I think the officials would he reasonable with regard to that. I do not think that they would go so far as to claim a pension of two-thirds of their salary. So far as I have been able to discover, they would be prepared to accept an individual year for every five years of service. It is conceded that the Minister should fix an age, but not from day to day. It should be fixed in respect of certain officers of a certain age and there should be a flat rate applicable to each office or grade. There is a proposal now, which was not there before, giving the Minister authority to inquire into the conduct, efficiency and some other qualification, of an official. The Minister had not got that power up to this. It is quite true that the Minister for Local Government had it in connection with a local authority, but it was not provided under the Vocational Acts. It is being sought under a Bill we have before us this evening. What would be regarded, perhaps, as a necessary and essential qualification to-day might not have been so regarded, say, a decade or two ago or three decades ago. Therefore, again, if the Minister or the committee of agriculture find that the qualifications of a particular official are not up to the standard now required, it does not follow that they are justified in throwing out of office a person who had sufficient qualifications at the time of his appointment and was exercising them to the best of his ability over his period of office.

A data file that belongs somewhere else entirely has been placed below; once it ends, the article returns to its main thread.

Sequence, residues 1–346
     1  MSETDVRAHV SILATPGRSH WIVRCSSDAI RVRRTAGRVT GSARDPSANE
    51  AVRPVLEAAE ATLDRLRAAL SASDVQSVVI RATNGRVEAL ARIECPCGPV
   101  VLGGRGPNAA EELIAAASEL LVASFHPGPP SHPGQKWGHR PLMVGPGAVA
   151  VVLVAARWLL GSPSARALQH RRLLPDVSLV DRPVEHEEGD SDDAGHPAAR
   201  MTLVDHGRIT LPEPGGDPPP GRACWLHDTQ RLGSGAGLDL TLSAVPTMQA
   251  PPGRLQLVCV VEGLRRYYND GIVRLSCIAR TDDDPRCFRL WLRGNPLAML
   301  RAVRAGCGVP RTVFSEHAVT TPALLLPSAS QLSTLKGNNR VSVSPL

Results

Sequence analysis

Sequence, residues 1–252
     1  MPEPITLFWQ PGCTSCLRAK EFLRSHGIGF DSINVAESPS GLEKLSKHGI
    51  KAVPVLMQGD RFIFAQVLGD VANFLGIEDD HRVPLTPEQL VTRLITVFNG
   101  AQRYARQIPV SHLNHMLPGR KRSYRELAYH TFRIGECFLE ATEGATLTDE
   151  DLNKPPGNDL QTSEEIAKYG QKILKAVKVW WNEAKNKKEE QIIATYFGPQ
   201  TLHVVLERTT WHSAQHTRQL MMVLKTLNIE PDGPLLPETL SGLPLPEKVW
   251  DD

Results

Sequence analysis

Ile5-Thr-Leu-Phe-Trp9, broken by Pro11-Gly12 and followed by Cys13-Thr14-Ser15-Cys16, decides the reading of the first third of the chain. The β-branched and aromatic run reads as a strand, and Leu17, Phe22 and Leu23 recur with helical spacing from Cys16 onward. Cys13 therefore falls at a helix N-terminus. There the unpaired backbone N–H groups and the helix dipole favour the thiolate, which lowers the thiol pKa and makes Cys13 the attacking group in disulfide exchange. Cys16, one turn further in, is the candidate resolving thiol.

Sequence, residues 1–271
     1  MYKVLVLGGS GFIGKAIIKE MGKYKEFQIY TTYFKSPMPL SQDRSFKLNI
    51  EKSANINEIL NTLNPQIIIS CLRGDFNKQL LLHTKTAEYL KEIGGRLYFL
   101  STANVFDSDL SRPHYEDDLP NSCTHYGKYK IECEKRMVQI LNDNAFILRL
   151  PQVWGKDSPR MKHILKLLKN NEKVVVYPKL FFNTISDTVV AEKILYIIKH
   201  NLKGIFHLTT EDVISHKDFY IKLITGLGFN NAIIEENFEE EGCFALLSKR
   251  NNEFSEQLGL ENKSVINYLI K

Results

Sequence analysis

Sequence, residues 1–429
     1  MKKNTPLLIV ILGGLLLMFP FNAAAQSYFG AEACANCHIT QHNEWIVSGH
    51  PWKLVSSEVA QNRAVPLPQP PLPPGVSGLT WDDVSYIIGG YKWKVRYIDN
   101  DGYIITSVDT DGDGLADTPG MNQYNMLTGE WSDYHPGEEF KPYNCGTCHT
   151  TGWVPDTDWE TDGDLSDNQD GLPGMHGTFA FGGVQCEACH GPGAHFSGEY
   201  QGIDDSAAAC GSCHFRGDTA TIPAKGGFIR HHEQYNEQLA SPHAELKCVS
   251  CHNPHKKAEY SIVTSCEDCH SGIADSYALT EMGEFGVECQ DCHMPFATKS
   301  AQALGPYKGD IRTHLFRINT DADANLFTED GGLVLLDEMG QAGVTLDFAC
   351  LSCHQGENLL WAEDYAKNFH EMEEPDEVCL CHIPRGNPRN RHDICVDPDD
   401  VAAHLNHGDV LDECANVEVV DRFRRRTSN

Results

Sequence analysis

Section 9 of this Bill is practically on all terms with Section 11 of the Local Officers and Employees Act, 1926, but, remember, that even that at its time was an imposition, a slight change from what had previously been in operation.

As regards Section 10, it sometimes happens that on appeal a convicted person is found not guilty and discharged. I think, as the section is drawn, the first conviction would disqualify. The Minister could not reinstate under this Bill as it stands. I do not think that was his intention. If that is not the intention, it would require to be somewhat differently phrased. There have been cases—they are not many—in which, on appeal, convictions have not been upheld and the person has been discharged without a stain on his character. I think I read in the papers yesterday morning of such a case. I am quite sure that it is not the intention to discharge from the service a person who is subsequently found not guilty of an offence with which he bad been charged.